Jngersoll, Jenks, Perley B. Johnson, John P. Kennedy,
Daniel P. King, McConnell, Mcllvaine, Marsh, Edward J.
Morris, Freeman H. Morse, Moseley, Newton, Paterson,
Peyton, Phtenix, Pollock, Elisha R. Potter, Pratt, Preston,
Ramsey. Ravner, Charles M, Jteed, Rockwell, Rogers.
Sample, Schenck, Senter, Severance, Simpson, Albert Smith,
CaicbJJ. Smith, Stephens,. Summers.!,Thomasson, Tilden,
Tyler, Vance, Vanmeter, Wethered, John V, hite, Win-
ttirop, and Woodward—SO.
So the resolution was agreed to.
Mr. HARDIN, from the Post Office Committee,
rose, aiid said he wished to call up the post-office
bil', and would therefore move——
The SPEAKER observed that the question now
pending way upon ygreeing to the resolutions re-
ported by the committee.
[Notk.—These resolutions were reported by Mr.
Burkk, chairman of the select committee on this
subject, at the last session of Congress; and, on his
motion, at that time, their further consideration was
postponed until the first Monday 111 December, ult.
They have not been reached for action at the pres-
Mr. ELMER called for the reading of the reso-
lutions; which were read.
Mr. ELMER remarked that he had had no expect-
ation that the important question involved in the res-
olutions was to come before the House in this unex-
pected manner; and he was not prepared to discuss
them as he would wish to. But he could not con-
sent, as a member of this body, that they*should
pass to a vote in this House without expressing his
opinion upon them. He thought, when principles
were presented for adoption by the House, (as in
the piesent case) which struck at the foundation of
government, that they should weigh them word by
word, and letter by letter, before they adopted them.
In his opinion, no proposition had been made to this
House since he hud had the honor of a seat in this
body—none could be at any time presented—more
important than those now presented through this
In regard to many of the resolutions he had no
objection. They announced simple acknowledged
principles. But when they considered them alto*
gether, and applied them to the particular case to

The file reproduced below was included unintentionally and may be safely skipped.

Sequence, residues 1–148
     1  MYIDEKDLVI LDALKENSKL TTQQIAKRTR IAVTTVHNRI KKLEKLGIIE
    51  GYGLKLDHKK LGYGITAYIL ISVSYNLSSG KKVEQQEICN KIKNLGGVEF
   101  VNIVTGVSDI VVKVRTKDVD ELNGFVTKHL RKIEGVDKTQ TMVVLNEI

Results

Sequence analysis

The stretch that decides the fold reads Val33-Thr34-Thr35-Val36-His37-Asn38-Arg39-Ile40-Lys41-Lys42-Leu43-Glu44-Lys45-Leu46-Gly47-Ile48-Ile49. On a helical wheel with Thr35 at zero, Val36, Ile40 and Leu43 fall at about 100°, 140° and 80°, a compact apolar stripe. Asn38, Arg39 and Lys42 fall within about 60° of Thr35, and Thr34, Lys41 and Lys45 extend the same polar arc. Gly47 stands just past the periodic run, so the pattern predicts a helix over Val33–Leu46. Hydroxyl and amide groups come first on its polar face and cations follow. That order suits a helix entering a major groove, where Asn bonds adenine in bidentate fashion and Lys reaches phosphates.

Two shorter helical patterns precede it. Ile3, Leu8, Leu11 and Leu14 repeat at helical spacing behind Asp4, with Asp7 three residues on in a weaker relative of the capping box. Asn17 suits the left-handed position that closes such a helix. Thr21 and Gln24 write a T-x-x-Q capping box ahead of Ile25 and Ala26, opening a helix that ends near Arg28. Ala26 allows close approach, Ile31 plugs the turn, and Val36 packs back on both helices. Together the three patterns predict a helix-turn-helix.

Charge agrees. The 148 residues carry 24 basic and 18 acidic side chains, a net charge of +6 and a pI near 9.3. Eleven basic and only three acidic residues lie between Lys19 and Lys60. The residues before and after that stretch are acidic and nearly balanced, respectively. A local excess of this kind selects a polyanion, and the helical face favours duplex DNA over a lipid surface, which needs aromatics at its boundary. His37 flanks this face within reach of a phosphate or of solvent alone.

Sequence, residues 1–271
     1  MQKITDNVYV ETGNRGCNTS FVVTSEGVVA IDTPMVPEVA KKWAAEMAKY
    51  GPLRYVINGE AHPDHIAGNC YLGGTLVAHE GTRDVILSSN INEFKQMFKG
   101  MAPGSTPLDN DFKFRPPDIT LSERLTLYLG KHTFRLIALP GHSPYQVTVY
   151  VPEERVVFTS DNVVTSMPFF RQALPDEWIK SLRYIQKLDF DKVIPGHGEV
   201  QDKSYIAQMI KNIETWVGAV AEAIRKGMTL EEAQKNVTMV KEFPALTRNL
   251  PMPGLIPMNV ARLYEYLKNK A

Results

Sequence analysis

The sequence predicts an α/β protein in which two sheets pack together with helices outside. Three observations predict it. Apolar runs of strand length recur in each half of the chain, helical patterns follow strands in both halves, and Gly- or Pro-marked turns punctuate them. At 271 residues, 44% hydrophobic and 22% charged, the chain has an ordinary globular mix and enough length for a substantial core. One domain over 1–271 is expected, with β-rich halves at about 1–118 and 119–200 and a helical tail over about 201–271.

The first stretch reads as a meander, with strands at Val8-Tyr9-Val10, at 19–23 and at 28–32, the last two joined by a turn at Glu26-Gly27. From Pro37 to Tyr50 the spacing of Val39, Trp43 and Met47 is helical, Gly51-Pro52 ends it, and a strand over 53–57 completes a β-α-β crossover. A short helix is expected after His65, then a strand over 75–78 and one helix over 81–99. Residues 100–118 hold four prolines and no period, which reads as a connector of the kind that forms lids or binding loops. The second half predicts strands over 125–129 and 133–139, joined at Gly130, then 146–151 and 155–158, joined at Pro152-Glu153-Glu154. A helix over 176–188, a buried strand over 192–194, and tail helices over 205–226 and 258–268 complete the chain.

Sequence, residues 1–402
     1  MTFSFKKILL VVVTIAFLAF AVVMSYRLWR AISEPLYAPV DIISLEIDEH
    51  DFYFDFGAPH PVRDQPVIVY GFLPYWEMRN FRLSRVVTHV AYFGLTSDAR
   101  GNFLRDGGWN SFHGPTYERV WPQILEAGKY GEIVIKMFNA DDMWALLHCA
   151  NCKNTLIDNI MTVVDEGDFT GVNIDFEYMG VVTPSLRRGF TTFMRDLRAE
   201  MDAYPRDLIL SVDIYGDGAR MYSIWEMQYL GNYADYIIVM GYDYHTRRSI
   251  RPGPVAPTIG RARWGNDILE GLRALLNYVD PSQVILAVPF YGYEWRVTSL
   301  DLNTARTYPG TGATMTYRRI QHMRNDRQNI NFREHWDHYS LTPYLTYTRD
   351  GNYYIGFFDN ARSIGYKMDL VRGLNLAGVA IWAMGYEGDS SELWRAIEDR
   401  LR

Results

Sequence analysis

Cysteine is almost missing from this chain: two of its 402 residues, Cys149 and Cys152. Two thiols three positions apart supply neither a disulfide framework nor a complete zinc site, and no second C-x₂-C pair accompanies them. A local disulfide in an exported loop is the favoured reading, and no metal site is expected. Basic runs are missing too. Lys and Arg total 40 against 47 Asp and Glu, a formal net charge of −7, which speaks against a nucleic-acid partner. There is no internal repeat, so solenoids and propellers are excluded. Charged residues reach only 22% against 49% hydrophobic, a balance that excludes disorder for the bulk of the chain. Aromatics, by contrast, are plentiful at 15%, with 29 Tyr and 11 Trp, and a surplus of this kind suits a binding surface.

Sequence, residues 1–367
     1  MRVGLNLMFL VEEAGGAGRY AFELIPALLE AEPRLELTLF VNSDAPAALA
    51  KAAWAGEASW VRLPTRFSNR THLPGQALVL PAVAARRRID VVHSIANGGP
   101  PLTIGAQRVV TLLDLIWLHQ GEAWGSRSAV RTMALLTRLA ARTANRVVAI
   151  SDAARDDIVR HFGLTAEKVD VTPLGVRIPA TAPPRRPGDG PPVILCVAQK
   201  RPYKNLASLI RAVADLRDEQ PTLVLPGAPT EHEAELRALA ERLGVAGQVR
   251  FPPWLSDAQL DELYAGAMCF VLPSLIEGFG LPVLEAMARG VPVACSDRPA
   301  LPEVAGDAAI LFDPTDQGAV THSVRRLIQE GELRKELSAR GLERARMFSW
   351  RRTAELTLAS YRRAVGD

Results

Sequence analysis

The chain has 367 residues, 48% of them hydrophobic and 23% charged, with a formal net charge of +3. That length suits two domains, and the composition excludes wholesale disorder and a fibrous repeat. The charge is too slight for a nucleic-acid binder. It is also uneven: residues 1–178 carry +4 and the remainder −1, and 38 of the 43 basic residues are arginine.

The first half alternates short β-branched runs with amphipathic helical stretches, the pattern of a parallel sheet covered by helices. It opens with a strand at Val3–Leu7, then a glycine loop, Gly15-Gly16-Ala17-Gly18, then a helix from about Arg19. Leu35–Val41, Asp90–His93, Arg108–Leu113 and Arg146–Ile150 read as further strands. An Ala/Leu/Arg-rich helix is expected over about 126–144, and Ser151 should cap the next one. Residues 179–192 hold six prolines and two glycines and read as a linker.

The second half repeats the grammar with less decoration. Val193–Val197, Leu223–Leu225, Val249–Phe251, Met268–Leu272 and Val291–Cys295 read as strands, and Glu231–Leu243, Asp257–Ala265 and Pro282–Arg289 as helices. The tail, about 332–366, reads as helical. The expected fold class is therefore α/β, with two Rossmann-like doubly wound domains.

which they-were applied by the committee, Mr. E.
apprehended that they taught most erroneous doc-
trines—doctrines .which might be considered by the
committee true democratic principles*; but which, he
ventured to say, with all respect to them, werejacob-
inicui doctrines. They were not democratic doc-
trines. What were the principles announced here?
Why, not only that the people were sovereign, (which
they all acknowledged) but that they had the right
to form their own government in their own manner;
but further, that upon principles recognised by the
constitution itself, persons calling themselves "the
people," may put forward and adopt which they are
pleased to consider amendments to the existing gov-
ernment of the State; and that contrary to the will
of the existing government of that State. The mere
fact that these persons are thus forming a new gov-
ernment, provided it shall appear to be probable that
the constitution has been adopted by a majority of
the people of the State
Mr. BURKE interposed, and asked lea- e to cor-
rect the gentleman on a point of fact. He was un-
derstood to say, that instead of its being probable,
as the gentleman had represented, it had been proved
to be a positive fact, that the constitution had been
adopted by a large majority of the inhabitants of
Rhode Island, not only of the non-freeholders but of
Mr. ELMER resumed. He was aware that the
committee had put forth that statement; but he ask-
ed how there couid be, in any case, more than a
probability of the fact that a majority of the people
had adopted a constitution, as it was to be ascertain-
ed m no authentic form? This was the difficulty—
that there was no mode pointed out by ^ny law,
constitution, or authority known to our laws, by
which the fact was to be ascertained, whether a ma-
jority of the people had adopted a constitution or
not. Then, I say, it can be at most but a proba-
bility, and a probability which eveiy individual cit-
izen is asked to determine for himself; and having
determined it, it was to be considered as a constitu-
tion adopted by the people.
Now Mr. E. could never sanction such principles.
He agreed that the people were supreme; that they
had the right to form their own governments; and
he agreed farther that, in extreme cases, the people
had the right to form new constitutions contrary to
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United States. Congress. The Congressional Globe, Volume 14: Twenty-Eighth Congress, Second Session, legislative document, 1845; Washington D.C.. (texashistory.unt.edu/ark:/67531/metapth2366/m1/97/: accessed January 18, 2018), University of North Texas Libraries, The Portal to Texas History, texashistory.unt.edu; crediting UNT Libraries Government Documents Department.